Missourians who qualify under the newly expanded Medicaid qualifications will have to wait almost a year to receive health care benefits.
Constitutional Amendment 2 was narrowly approved by Missouri voters during Tuesday’s primary elections by 53.3%.
When fully implemented, the state’s program will expand to cover single Missourians aged 19 to 65 with an income of about $18,000 a year or a family of three with an income of about $30,000. As part of expansion, the federal government will pick up 90% of the total costs for new Medicaid enrollees.
However, final implementation will take time and coverage is likely not to begin until July 1, 2021. Until then, Missouri’s Medicaid requirements remain unchanged said Rebecca Woelfel, a spokesperson for the Department of Social Services.
Gov. Mike Parson, who has opposed Medicaid expansion in the past, said during a press conference Wednesday that he plans to follow the will of Missouri voters despite the initiative’s price tag.
Amendment 2 is estimated to cost the state around $200 million in general revenue. However, proponents note that other states have saved money through increased economic activity and by offsetting costs Medicaid costs elsewhere.
“Hopefully, the economy gets better, and hopefully we can meet that financial obligation a little easier,” Parson said, “but right now, tough times.”
When he moved the vote for Medicaid expansion to the August primaries, he said it was so the state could know its budget situation sooner amid the COVID-19 pandemic. He said Wednesday that having people return to work is a positive sign for the economy, but much will depend on what happens toward the end of 2020.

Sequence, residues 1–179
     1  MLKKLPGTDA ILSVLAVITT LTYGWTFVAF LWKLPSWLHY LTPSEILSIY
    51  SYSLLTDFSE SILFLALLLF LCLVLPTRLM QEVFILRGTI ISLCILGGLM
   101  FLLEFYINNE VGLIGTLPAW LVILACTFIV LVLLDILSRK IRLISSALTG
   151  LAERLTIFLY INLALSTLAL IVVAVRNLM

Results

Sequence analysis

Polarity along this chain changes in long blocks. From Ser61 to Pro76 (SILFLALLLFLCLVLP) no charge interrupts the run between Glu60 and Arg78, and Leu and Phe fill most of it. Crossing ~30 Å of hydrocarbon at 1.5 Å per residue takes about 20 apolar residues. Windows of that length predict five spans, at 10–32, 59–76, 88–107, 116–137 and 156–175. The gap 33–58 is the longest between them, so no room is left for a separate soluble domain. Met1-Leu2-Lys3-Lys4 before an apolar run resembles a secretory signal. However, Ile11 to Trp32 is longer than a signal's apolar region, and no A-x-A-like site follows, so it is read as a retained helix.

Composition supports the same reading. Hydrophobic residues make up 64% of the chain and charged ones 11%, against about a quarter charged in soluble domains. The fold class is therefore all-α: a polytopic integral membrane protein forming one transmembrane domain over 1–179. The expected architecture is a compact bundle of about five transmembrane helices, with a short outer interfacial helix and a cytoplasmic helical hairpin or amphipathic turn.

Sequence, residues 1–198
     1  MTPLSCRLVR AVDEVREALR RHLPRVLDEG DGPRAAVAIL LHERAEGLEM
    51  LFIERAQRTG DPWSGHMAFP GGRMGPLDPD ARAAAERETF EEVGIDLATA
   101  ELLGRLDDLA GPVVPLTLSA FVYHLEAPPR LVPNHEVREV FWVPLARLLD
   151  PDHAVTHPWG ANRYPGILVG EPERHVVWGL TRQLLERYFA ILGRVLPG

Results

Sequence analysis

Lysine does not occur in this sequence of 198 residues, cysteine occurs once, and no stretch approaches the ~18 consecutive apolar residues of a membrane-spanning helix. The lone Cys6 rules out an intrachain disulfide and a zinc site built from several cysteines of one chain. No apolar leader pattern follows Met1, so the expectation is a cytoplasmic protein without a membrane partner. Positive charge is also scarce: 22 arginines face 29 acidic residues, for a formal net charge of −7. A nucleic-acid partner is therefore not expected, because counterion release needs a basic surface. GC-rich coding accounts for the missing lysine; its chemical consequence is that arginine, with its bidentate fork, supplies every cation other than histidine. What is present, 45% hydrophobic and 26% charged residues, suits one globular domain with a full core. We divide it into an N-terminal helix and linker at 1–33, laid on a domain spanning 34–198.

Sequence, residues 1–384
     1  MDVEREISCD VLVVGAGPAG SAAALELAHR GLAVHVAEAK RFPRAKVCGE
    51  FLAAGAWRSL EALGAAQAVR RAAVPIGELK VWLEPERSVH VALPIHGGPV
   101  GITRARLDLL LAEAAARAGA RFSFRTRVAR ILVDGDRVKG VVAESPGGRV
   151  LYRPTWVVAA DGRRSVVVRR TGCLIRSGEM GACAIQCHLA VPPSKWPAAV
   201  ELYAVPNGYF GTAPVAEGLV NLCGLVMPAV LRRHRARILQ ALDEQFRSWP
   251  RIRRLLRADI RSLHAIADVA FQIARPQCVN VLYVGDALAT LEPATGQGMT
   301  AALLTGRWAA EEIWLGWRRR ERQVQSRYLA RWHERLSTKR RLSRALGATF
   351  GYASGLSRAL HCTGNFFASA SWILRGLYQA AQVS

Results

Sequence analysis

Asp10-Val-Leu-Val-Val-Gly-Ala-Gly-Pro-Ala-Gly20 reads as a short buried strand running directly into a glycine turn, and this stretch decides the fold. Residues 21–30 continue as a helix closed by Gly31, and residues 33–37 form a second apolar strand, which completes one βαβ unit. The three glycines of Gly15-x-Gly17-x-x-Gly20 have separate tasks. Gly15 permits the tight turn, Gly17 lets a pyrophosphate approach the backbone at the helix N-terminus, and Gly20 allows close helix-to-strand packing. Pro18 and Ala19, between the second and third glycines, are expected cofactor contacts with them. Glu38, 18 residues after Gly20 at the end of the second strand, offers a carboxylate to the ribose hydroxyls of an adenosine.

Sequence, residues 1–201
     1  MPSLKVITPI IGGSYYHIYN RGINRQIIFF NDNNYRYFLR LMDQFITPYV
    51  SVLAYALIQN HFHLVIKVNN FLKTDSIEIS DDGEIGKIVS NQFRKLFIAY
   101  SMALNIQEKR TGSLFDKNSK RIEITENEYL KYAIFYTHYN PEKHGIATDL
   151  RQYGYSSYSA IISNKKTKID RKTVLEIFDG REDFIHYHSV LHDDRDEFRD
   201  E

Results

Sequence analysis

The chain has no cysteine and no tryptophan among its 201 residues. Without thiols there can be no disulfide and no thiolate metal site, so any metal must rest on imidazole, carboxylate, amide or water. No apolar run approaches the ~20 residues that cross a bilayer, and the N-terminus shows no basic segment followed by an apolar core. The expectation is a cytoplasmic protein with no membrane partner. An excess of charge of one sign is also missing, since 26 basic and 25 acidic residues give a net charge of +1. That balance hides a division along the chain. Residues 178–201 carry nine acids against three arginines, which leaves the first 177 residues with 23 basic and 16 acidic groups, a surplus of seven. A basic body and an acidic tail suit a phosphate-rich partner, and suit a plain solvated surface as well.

Woelfel said that the department will begin to work with various state departments and budget leaders in the next several weeks to begin reviewing implementation options.
“As state leaders, our job is to carry out the will of the people, and the people have spoken on the issue of Medicaid expansion,” Missouri State Treasurer Scott Fitzpatrick said in a statement.
“This expansion will be expensive, and it will force difficult funding decisions for the state in perpetuity, but I am committed to working with members of the legislature and the governor to minimize its impact on essential state services.”
Medicaid expansion supporters, however, are hesitant to believe Missouri’s Republican-led legislature will readily implement Amendment 2. In a statement, the Missouri Democratic Party said the battle likely isn’t over yet.
“From Clean Missouri to Right-to-Work, Republicans have tried to go against the will of the people and sabotage voter-passed initiatives. We need to work to elect Auditor (Nicole) Galloway as our next governor and Democratic legislators across our state to ensure the will of the people is actually implemented,” the statement said.